Greenhouse gas emissions indicators have been updated

21 Feb 2008

What progress has been made in reducing greenhouse gas emissions in Europe?

Key message

Total greenhouse gas emissions in the EU-27, excluding emission and removals from land-use, land use change and forestry (LULUCF), decreased by 0.7 % between 2004 and 2005 and by 7.9 % between 1990 and 2005. Emissions decreased strongly in the new Member States during the 1990s but since 2000, the trends have been almost identical in the EU-15 and in the new Member States. Between 1990 and 2005, greenhouse gas emissions decreased in all sectors except in the transport sector, where they increased significantly.

In the EU-15, total greenhouse gas emissions (excluding LULUCF) decreased by 0.8 % between 2004 and 2005, by 1.5 % between 1990 and 2005 and by 2.0 % between the Kyoto base year and 2005. This means the EU-15 has achieved one fourth of the total reduction needed to achieve the 8 % reduction from base-year level required by 2008-2012 under the Kyoto Protocol. However, the target can also be reached through actions outside the EU (use of Kyoto mechanisms).

In the 12 new Member States, total greenhouse gas emissions (excluding LULUCF) decreased by 0.3 % between 2004 and 2005 and by 27.8 % between 1990 and 2005. Except in Slovenia, 2005 emissions of all the new Member States that have a Kyoto target were well below their Kyoto target.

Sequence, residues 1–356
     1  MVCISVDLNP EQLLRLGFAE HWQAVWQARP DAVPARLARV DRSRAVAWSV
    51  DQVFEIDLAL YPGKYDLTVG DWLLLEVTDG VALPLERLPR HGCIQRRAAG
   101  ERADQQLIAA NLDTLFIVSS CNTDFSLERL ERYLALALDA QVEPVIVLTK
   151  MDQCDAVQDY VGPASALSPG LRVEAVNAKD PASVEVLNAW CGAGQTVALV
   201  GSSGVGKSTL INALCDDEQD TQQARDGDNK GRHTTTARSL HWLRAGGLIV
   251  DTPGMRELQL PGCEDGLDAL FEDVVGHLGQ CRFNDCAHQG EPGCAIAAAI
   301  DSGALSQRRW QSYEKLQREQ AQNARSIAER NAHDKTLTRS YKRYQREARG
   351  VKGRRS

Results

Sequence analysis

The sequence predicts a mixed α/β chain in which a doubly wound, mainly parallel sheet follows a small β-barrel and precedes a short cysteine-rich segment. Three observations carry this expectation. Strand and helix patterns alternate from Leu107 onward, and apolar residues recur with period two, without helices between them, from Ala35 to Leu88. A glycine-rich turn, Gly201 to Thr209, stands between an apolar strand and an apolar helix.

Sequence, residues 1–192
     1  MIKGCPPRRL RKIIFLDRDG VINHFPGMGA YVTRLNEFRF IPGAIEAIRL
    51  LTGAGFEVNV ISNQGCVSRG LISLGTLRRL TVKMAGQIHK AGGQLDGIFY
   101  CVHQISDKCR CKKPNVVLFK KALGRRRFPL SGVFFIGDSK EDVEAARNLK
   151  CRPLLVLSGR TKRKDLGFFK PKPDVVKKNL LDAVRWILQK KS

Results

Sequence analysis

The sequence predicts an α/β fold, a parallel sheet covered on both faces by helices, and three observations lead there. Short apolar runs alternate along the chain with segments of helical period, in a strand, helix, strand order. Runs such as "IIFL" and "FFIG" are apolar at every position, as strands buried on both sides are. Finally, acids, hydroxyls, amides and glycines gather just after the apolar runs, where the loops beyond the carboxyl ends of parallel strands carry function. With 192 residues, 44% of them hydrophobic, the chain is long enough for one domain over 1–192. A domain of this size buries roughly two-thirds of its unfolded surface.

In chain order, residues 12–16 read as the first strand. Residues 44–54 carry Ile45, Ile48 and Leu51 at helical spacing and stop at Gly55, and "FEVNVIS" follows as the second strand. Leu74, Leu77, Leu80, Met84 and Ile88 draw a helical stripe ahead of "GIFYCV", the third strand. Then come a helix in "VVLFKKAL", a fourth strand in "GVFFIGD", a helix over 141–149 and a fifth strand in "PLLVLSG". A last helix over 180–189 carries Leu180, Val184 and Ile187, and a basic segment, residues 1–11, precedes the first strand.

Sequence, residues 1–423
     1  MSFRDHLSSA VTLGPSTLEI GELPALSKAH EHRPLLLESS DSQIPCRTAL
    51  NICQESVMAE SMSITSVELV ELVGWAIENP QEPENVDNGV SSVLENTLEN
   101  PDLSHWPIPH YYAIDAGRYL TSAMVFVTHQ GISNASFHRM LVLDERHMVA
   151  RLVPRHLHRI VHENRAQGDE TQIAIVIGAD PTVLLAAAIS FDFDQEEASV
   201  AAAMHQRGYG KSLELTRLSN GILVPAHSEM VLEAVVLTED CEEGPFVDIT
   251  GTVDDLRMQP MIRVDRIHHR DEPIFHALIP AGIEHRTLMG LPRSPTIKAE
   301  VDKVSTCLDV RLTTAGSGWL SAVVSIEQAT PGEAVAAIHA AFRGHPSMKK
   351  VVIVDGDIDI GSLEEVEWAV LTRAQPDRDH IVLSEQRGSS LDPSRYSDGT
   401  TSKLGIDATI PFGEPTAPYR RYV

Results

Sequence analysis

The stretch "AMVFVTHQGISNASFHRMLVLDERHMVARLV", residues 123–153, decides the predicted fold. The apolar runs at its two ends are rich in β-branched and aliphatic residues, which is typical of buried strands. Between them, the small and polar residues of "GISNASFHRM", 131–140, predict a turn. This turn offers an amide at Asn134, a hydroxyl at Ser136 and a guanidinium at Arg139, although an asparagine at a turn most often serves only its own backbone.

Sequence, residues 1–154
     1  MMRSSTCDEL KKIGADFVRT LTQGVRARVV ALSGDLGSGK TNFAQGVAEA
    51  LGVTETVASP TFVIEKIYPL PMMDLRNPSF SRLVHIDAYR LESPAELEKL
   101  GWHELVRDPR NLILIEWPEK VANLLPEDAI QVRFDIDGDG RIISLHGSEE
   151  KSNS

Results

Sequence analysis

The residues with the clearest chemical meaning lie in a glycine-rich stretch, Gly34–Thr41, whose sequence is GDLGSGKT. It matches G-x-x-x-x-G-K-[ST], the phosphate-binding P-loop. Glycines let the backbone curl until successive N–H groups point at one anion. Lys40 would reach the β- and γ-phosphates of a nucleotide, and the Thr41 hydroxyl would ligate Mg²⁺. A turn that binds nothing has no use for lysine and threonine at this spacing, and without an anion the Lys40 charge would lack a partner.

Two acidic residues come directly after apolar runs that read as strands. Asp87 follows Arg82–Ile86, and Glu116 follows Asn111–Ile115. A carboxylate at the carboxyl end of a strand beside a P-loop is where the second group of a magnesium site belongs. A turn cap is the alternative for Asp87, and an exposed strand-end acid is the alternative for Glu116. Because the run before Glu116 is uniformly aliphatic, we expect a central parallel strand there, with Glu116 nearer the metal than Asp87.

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What progress is projected towards the greenhouse gas emissions targets under the Kyoto Protocol, by the EU-15, EU Member States and other EEA member countries?

Key message

Projections for 2010 indicate that the EU-15 will meet its Kyoto target if Member States implement existing and additional measures fully and quickly, and make use of carbon sinks and Kyoto mechanisms. If all the projected reductions were achieved, the EU-15 could reach a level of emissions 11.4 % lower than base-year emissions, therefore overachieving its -8 % Kyoto target by 3.4 percentage points. The EU-27 does not have a Kyoto target. Twelve EU-15 Member States project they will achieve their individual targets. All ten new Member States with a target expect to meet their target (Cyprus and Malta do not have a Kyoto target).

Croatia, Iceland, Norway and Switzerland project that they will meet their targets. Turkey has not ratified the Kyoto Protocol and thus has no Kyoto target.



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